15 Ways To Get The Most Out Of Your Layover As A Digital Nomad


We’ve all been there, either by accident of design, the extended layover in a country we’re not actually visiting but which was offering the cheapest fare deals possible if you made a slight detour on your journey.

But how do you get the most out of your layover as a digital nomad? Well, we got a bunch of tips that can help turn the downtime into an upside for you:

15 Tips To Make The Most Out Of A Layover

 

We’ve got 15 super ways to get the most out of a layover even if it’s really short.

Think Ahead

 

If you’re only getting a short layover (I’ve had one that was just 20 minutes but thankfully, it was in a tiny airport) then you want to know as much as you can about where you need to be when you hit the ground.

What’s the facility for changing planes like? If you’re changing from domestic to international or vice-versa – you will, almost certainly, need to pass through immigration. You also ought to know where the airline expects your next flight to leave from. Sadly, this can be a bit of a “hit and miss” thing with gate numbers changing regularly.

So, make sure you know where a departure board is when you land so that you can check you’re still going to the right place.

I was once at a German airport with more than an hour to change planes. It wasn’t until we got there that we found that we had to collect our luggage and transfer it by hand, that the other plane was in a different terminal a long walk away and that there was an insane queue for security screening (we’d have missed our flight if I hadn’t walked to the front and begged to push in).

We could have avoided much of the stress if I’d just done my research beforehand.

See If You Can Leave The Airport

 

Even countries that don’t offer visa-on-arrival quite often offer a “transit visa” that is a 1-3 day pass into the local city for you to kill time while you wait for your flight. Shanghai, for example, is quite famous for this. I have a friend who never takes advantage of this facility and it drives me mad.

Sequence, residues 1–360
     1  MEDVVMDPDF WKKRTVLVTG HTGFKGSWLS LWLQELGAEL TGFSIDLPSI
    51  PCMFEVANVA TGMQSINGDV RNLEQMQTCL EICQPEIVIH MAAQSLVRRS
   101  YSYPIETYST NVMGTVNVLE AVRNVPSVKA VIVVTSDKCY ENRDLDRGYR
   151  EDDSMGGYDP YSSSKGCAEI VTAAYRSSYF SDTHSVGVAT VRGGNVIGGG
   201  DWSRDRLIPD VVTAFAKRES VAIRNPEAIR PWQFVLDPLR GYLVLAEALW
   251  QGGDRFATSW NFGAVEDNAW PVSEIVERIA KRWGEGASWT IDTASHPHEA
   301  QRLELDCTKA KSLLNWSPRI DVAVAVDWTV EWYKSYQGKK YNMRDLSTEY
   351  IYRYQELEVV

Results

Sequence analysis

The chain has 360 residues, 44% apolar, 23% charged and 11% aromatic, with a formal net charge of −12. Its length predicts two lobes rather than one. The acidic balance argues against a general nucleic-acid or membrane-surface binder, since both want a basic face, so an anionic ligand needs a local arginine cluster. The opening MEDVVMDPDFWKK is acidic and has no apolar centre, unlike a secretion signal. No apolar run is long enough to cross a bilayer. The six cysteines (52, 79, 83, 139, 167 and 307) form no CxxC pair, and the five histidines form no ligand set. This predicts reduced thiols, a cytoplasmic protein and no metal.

It wouldn’t matter where I rocked up in the world, I’d rather see somewhere new than sit in yet another airport.

I also confess that while I am now a firmly established ex-smoker back in my smoking days, it could help to get out of the airport even for a few minutes just to get a cigarette and, in fact, I once spent £10 on a visa in Istanbul so I could sit outside and smoke for an hour or so before coming back in to wait for my flight.

Take A Wander Around The Airport

 

If you can’t get out or don’t want to go out, then it can help to take a stroll around the airport before you settle in.

You don’t have to tread every yard of it but it can help to figure out how far away your next boarding gate is and where the most useful facilities are. You may not want to spend hours in duty-free but knowing where the “paid access” business class lounge is or the nearest coffee shop can be invaluable.

It might even help to know the lay of the land if a major emergency should strike, now that’s not something that should play on your mind because odds are – it won’t – but it could be handy all the same.

Check Out The Paid For Business Class Lounge Facility

 

Obviously, if you are traveling business class – you can head to your airline’s lounge and enjoy what they have to offer. But if you’re not, you can still make use of the facilities for the more well-heeled traveler for a small fee.

I love business class lounges – once you pay up, you’re entitled to free food and drink for a few hours (this can offset the cost entirely – for example, in Bahrain the lounge access was $20 but a beer was nearly $12 in the airport bar… in the lounge you can drink as many beers as you can handle).

You also get nice seating, a safe haven from screaming kids, good Wi-Fi access and often there are also shower facilities too.

Take Time To Recharge Your Devices

 

The odds are pretty good that a digital nomad is using a bunch of electronic equipment on their flight. So, when you land somewhere, and you know that you’re going to be stuck in the airport for hours – why not plug your gear in and get it charging?

Make sure you keep an eye on it though, as there are plenty of light-fingered travelers who’d be happy to snaffle a free iPad knowing that they’re never going to face extradition from their destination for their crime.

Consider A Workout